How do you recover from a ‘fiasco vortex’?

Few people in the UK know the Chipotle fast food brand—most don’t even know how to pronounce it (Chip-oat-lay)—but in the US it’s a big deal, and it’s in big trouble. Chipotle was the first national chain to successfully pioneer healthy eating in a fast-food environment, with 1,800 restaurants and over $4bn turnover. Until a few weeks ago, it had a glowing reputation; its proud motto, ‘food with integrity’. Now though, Chipotle is in the middle of what one commentator called a ‘fiasco vortex’, with a succession of serious food poisoning incidents over the past four months. More than 500 people in America have been affected at the company’s restaurants across the country, with outbreaks involving norovirus, salmonella and E. coli—the latest coming to light just four days before Christmas. The company’s sales and profits have inevitably been hit hard, and the shares are down 30% over the year. Chipotle is now changing its cooking methods to make it ‘the safest place to eat’ yet the sources of the various outbreaks remain unknown. Its media handling of the crisis has been widely criticised, with CEO Steve Ells leaving it until last month before making a single TV appearance to apologise, while there was little in the way of pro-active social media, leaving Twitter to an unending stream of sarcastic posts such as those illustrated. Chipotle’s CFO even blamed government agencies and the media for ramping up the scare.

So how does a company recover from such a multi-pronged, ‘oh-no-not-another-one’ crisis? Incidents like these would be bad enough for any food company, but particularly so for Chipotle, as it has based its entire branding and marketing stance on setting much higher standards than other chains, boasting of its naturally-reared meat and fresh, unprocessed local produce, with open kitchens in its restaurants. This has made the backlash worse, with a side order of schadenfreude.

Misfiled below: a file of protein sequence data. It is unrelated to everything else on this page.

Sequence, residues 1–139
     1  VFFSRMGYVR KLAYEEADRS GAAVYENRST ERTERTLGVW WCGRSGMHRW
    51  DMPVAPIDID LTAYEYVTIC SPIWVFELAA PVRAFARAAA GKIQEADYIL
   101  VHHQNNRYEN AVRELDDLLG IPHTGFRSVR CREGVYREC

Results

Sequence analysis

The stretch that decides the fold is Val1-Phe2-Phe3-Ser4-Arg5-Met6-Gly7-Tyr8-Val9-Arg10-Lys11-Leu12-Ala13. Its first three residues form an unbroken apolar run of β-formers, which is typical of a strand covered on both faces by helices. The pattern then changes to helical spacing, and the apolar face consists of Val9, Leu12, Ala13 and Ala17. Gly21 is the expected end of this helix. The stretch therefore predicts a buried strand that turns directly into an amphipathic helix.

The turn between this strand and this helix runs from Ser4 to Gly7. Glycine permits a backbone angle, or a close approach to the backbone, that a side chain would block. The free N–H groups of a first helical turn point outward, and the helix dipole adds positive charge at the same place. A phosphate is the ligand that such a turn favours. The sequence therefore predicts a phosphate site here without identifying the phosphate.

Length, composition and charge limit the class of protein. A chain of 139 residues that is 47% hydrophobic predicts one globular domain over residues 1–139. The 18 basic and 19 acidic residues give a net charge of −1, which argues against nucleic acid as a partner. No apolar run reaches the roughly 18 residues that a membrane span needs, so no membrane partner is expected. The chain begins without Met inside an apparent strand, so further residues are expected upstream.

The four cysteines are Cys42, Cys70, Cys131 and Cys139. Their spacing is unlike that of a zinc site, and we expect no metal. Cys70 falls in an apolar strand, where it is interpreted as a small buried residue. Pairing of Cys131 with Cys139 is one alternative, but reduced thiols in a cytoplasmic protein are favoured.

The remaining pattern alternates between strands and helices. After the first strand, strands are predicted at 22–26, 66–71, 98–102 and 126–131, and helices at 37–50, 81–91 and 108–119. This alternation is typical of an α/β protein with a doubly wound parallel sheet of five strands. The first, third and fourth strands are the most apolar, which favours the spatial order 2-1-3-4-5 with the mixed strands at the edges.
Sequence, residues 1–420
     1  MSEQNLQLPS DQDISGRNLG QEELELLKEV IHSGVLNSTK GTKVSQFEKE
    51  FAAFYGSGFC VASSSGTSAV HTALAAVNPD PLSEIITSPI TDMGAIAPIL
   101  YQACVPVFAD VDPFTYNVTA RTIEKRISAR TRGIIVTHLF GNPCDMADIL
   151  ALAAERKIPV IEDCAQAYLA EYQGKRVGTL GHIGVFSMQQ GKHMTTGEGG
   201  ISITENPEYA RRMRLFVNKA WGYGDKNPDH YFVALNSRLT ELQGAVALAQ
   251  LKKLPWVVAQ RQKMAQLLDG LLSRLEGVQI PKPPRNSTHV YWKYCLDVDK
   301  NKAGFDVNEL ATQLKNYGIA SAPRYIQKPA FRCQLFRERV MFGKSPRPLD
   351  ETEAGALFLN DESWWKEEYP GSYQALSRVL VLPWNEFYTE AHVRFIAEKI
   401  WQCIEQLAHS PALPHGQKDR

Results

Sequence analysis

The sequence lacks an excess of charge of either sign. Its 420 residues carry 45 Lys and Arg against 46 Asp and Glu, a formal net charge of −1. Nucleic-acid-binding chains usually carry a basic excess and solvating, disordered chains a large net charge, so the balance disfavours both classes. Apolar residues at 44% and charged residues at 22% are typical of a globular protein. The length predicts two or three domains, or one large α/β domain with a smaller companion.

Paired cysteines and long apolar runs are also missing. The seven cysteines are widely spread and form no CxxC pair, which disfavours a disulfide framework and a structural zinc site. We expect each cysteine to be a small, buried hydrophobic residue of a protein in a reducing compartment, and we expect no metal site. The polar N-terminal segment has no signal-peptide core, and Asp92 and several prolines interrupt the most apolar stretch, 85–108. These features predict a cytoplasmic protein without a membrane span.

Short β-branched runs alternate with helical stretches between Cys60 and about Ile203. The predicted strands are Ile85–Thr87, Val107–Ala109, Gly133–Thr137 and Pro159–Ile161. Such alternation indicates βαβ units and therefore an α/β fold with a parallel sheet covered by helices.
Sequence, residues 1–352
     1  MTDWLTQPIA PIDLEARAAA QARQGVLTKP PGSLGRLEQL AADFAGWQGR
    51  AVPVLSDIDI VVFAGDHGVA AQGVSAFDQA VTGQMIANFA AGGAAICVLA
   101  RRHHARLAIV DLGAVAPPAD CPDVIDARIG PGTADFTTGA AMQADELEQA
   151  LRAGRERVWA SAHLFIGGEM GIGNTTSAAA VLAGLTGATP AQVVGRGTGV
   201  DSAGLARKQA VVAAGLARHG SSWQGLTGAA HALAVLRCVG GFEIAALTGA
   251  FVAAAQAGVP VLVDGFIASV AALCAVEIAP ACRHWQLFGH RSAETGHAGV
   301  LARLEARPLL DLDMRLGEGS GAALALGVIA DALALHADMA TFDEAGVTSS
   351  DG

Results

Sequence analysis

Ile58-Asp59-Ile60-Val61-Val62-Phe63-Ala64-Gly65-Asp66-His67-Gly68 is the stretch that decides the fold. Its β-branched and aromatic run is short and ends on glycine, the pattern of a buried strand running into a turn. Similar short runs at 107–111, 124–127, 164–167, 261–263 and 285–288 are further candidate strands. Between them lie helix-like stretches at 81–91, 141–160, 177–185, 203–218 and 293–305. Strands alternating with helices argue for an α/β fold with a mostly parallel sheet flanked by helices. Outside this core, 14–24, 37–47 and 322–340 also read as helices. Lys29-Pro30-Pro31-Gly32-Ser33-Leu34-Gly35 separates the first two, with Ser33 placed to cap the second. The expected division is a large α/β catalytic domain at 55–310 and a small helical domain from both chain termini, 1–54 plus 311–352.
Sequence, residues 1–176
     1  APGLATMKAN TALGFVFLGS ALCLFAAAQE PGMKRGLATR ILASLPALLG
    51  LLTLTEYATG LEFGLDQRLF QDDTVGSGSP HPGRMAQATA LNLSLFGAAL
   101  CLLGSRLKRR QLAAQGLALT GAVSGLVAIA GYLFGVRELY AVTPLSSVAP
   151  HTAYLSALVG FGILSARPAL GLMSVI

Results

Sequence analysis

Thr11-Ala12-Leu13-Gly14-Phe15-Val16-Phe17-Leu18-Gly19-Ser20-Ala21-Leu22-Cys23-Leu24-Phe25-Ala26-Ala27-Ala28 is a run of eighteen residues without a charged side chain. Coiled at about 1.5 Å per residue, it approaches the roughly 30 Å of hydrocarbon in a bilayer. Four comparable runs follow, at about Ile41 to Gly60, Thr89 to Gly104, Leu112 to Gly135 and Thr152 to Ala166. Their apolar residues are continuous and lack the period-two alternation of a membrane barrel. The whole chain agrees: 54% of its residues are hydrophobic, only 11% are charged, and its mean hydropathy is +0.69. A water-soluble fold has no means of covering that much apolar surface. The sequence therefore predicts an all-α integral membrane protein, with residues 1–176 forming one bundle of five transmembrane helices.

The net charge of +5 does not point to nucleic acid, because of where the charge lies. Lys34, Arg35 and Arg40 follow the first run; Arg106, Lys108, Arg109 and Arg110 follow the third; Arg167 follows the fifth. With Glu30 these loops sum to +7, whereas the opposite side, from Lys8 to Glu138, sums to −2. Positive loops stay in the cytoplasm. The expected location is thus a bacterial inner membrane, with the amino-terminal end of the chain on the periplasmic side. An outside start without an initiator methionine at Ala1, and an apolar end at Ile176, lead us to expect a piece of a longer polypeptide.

The first lesson is: don’t set yourself up to be morally superior to others, if you aren’t really. The idea that you will be protected from the worst of the consumer ire if you have built up a reputation as a ‘trusted brand’ seems to be optimistic at best. In fact, critics may take particular pleasure in puncturing the balloon. The second lesson: don’t blame the government or the media for your own problems. It makes things even worse.  Third: even if you do many of the ‘right’ things in dealing with a crisis (the company closed down affected restaurants for a thorough sanitising, re-trained staff and is overhauling its procurement processes), don’t expect the fuss to die down quickly. You can’t cover up for what have now been revealed as inadequate processes by ‘good PR’. You have to make real changes in the way you do business, so that new elements of the crisis do not keep hitting the headlines. The good reputation Chipotle had previously built up over a period of years should help it recover more quickly once things are put right, but this will still take time, and some luck. It will never be as smug again.